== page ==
July 31, 2013

R.I.P. Diane Clare - farewell to a 'final girl' from the 1960s

Last month, I saw Amicus Productions' Witchcraft for the first time, notable for a decent performance from Lon Chaney Jr. near the end of his career. I was especially pleased to see Diane Clare in it, playing his daughter! Reminding myself of her other films, I looked at her Wikipedia page and discovered that she'd passed away the day before, aged 74.

While she appeared in very British favourites such as Ice Cold In Alex (1958) and Whistle Down The Wind (1961), these were relatively small roles, and her passing only warranted a couple of mentions in newspapers. Nothing lengthy, and not much else online.

Diane Clare (right) and Sylvia Syms in Ice Cold In Alex
But it was always a pleasure to see her name in the credits. I've a fondness for any actor who repeatedly appears in horror films. I'm sure it wasn't always her first choice of roles, tackling fantastic subjects that must have been hard to commit to giving convincing performances, in outlandish situations. She always brightens up her films, and I'd like to commemorate here her few roles when she was, briefly, a scream queen, often the last woman standing among the victims...

The Plague of the Zombies (1966) is her biggest role in an acclaimed horror film. The leading lady in a Hammer horror, recently restored and released on blu-ray, this is the one she's best known for. Threatened by rampant huntsmen, a murderous sorcerer and the living dead...

No stranger to sacrificial altars, she'd previously been on the wrong side of black magic in Amicus horror Witchcraft (1964) and was later staked out (again) in the desert in The Hand of Night (1966).

With Jack Hedley in Witchcraft
Another leading role was in an unconvincing monster movie - her last horror film - The Vulture (1967), where a series of killings appear to be committed by a huge bird.

The Vulture
When she appeared in more famous films, she inevitably had smaller roles. But there she is, with a Boston accent in Robert Wise's classic ghost story The Haunting (1963) - which probably led to all her British horror roles. She can also be glimpsed in the black comedy The Wrong Box - another film for director Bryan Forbes (after Whistle Down The Wind).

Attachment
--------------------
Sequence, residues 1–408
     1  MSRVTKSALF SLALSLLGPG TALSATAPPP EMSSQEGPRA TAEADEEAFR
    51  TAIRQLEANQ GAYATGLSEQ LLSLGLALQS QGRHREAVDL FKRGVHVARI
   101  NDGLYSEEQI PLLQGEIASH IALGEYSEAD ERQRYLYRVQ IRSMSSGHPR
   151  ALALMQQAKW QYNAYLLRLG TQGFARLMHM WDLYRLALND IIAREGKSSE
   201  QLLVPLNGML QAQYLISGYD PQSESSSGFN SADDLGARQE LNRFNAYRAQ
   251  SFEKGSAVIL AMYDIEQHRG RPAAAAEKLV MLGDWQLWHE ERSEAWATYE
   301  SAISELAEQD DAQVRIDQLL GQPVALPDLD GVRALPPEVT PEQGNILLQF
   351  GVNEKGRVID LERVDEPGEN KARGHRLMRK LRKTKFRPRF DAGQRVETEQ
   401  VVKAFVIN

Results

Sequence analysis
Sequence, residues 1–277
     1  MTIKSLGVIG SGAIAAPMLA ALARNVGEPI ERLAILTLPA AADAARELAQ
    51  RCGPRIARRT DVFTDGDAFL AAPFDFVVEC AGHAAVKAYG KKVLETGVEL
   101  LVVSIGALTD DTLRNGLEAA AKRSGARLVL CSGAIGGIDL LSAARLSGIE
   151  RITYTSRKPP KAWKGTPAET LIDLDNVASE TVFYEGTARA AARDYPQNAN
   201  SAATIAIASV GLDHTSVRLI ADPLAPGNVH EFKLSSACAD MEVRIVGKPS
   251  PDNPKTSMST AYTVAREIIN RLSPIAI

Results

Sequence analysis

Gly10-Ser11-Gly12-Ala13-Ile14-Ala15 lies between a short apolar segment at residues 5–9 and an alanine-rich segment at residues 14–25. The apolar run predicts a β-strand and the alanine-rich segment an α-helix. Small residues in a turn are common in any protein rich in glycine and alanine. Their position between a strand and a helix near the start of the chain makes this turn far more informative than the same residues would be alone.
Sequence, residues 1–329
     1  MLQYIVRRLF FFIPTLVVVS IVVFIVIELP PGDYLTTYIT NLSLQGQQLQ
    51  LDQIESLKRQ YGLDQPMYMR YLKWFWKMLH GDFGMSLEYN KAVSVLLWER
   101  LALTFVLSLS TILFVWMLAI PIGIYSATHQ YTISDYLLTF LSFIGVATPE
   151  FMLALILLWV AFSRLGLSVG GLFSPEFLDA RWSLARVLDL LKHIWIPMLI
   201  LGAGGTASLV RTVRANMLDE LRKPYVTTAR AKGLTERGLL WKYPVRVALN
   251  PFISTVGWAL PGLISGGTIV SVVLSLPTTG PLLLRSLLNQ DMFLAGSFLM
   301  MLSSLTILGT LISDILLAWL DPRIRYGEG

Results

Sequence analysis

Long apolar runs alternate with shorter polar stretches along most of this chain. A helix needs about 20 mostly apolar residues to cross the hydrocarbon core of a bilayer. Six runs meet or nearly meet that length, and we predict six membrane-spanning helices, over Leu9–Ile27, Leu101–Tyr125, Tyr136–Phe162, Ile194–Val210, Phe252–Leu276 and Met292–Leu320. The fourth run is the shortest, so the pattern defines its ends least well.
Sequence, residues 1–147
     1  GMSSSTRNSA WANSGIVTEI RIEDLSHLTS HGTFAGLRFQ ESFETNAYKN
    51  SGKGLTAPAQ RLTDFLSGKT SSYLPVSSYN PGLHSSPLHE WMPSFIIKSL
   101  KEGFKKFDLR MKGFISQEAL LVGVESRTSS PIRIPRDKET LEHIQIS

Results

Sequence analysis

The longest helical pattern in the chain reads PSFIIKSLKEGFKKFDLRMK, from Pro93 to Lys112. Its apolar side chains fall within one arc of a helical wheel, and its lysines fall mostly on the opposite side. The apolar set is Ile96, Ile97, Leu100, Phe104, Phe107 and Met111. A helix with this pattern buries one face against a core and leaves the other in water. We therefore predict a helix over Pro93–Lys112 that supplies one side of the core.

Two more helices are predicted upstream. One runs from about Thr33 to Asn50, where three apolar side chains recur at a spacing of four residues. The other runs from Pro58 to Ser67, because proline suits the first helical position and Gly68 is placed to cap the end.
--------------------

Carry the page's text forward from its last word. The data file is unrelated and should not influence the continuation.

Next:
As the Sunday school teacher in Whistle Down The Wind
Of her television appearances, I must mention that she can briefly be seen in the Diana Rigg era of The Avengers, in the episode 'Death At Bargain Prices' (1965).

As Chantel in The Hand of Night
The Hand of Night has been cited as her last film, but this is a quirk of IMDB relying on its own information, where movies have been dated by their cinema release dates. While it first appeared in the US in 1968 (as The Beast of Morocco), it was made in 1966. As Chantel she has a forceful role, trying to save Paul Carver (William Sylvester) from suicidal thoughts as he veers into personal darkness after the death of his young family. In the story she symbolises light and life, but succeeds at playing a realistic and rounded character, which she remembered as one of her best.

She then gave up acting to raise a family, marrying writer Barry England. Some of his work was adapted for movies - a novel as Figures on a Landscape (1970) and a play became Conduct Unbecoming (1975).

The best article about Diane is by Mark A. Miller in issue 10 of Monsters From The Vault, published in 2000. At 13 pages long, it's a fitting biography of her busy decade of film work and a document of her memories of that time.

Of course, I'm very sorry that she's left us so soon.

More about The Hand of Night (1966), still not on DVD, here.


  1. jervaise brooke hamster31 July, 2013 18:06

    She was such a little darlin` back in the 60`s.

  2. Great post. Thanks so much for the memories of this proto-scream queen.

  3. Actually I am a huge fan of The Vulture,which needs to be released on dvd,RIP

  4. I guess it might help if I saw a decent presentation of The Vulture.

  5. eddie lydecker02 August, 2013 00:52

    Mark, the DVD of "Plague of the Zombies" that i bought 9 years ago in 2004 is superb, i cant really see how the picture could be any better even on Blu-Ray.

  6. Well, Eddie, if you haven't seen it, how do you know? The blu-ray release has been extensively restored, removing scratches, film dirt and damage. The aspect ratio is now a less cramped 1.66 and the opening voodoo ceremony has been extended to include missing shots. A DVD copy of the restoration is also included if you don't have a blu-ray player.

  7. eddie lydecker03 August, 2013 01:12

    Cheers my old mate.

  8. It's tough to have to buy a film more than once, but in this case it really improved my appreciation of it.

  9. I cried when I hear Diane had died. When I was thirteen, I wrote to her though Equity and received a lovely hand-written letter and signed photo back, which I really treasure. Rest in peace, Diane

  10. I saw her brief appearance in 'Ice Cold in Alex' last week on TV.
    A very small role, which she played very sweetly!